New Orleans looking to improve Zion Williamson’s mobility
Zion Williamson’s impending debut has come with plenty of doubts from different NBA circles, as many have wondered how a 6-foot-6, 285-pound body could survive the grueling nature of an 82-game NBA season. Yet the New Orleans Pelicans are paying less attention to the numbers in the scale, but rather focusing on his mobility: how we walks, runs, and moves from side to side.
There’s much that comes with having a 285-pound frame, but to those familiar with his rare body type, the argument rests in him moving fundamentally sound. Some within the Pelicans organization noticed the sheer torque Williamson applied to his body with every step and stride, which they witnessed in the preseason.
“If you’re not moving well, I don’t care if you’re 300 pounds or if you’re 175 pounds, there’s going to be a problem,” said an NBA trainer familiar with Williamson, according to ESPN’s Baxter Holmes. “It’s got to be quality movement. The mechanics have to be done right.”
Williamson is a freak of nature by all accounts — take for example a recent vertical leap test. Williamson recorded a whopping 33 inches, not far from Andrew Wiggins’ record of 36 inches.
Eric Leidersdorf, P3’s director of biomechanics, was quick to note that weighs 85 pounds more.
“No one with his body type gets up there,” he said, rewatching the jump.
Later during that session, Williamson went to the box jump, jumping down from an 18-inch box before quickly-jumping back to another. When he did, the force plates recording his activity tracked a massive 4,900 newtons worth of force — about twice the amount needed to crack a brick with a karate punch, according to Holmes. It was also the highest mark P3 officials had ever seen.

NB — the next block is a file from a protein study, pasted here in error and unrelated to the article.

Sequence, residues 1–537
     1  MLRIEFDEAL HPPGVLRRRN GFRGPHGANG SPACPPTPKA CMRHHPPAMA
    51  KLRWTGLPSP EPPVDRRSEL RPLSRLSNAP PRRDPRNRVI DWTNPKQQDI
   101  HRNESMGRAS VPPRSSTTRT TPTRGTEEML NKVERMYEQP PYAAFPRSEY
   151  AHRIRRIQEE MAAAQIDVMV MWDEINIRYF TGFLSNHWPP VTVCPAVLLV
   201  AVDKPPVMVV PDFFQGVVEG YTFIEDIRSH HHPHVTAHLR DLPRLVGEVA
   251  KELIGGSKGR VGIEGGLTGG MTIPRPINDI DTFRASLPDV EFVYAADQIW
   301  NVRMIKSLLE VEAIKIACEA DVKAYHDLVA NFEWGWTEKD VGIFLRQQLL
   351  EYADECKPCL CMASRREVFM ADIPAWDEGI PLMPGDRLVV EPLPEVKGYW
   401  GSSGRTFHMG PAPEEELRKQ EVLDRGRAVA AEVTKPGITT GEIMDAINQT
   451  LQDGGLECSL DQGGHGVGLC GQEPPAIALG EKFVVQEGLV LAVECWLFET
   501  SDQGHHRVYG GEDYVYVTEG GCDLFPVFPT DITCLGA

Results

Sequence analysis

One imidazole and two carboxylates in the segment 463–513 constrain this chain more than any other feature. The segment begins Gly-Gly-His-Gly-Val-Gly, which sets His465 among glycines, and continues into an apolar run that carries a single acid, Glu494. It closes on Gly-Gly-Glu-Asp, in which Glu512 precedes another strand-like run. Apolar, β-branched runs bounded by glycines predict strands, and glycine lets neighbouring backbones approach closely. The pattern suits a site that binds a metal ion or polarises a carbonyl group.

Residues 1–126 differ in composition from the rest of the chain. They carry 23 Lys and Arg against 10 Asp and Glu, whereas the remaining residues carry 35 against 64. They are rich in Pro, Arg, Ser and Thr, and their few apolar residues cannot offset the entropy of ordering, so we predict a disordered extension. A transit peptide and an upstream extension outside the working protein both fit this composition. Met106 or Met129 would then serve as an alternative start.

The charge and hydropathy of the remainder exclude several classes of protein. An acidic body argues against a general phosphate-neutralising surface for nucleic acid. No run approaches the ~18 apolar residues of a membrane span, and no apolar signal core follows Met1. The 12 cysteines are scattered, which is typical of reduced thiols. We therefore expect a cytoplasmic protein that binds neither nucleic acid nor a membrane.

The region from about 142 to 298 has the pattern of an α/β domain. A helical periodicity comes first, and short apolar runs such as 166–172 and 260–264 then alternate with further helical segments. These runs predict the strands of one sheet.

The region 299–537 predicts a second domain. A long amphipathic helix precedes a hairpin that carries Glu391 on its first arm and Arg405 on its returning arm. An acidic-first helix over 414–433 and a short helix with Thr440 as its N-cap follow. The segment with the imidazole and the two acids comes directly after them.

“Zion has the highest peak force of any athlete we’ve ever assessed — and he was still in high school,” said Dr. Marcus Elliott, the founder of P3.
Yet some of the concerns lie on his side-to-side mobility, a problem not only Williamson has, but many other prospects today that hardly train that aspect of their game. They struggle getting low to the ground, hence a recent fallout of defense at the NBA level — something trainers call “tight hips.”
“At first, I would kind of laugh at it,” the scout says. “But now I notice it more and more often, especially when they move laterally while defending. A lot of these guys can’t get low to the ground.”
Pelicans vice president David Griffin believes Williamson’s meniscus injury could be a “blessing in disguise,” as it’s given the training and medical staff ample time to evaluate him. Yet others around the league know it will be a challenging feat to get him to that ideal shape.
“They have a lot of work ahead of them,” a Western Conference NBA athletic trainer said of the Pelicans. “It’s not their fault, [but] I don’t think it’s going to be super easy.”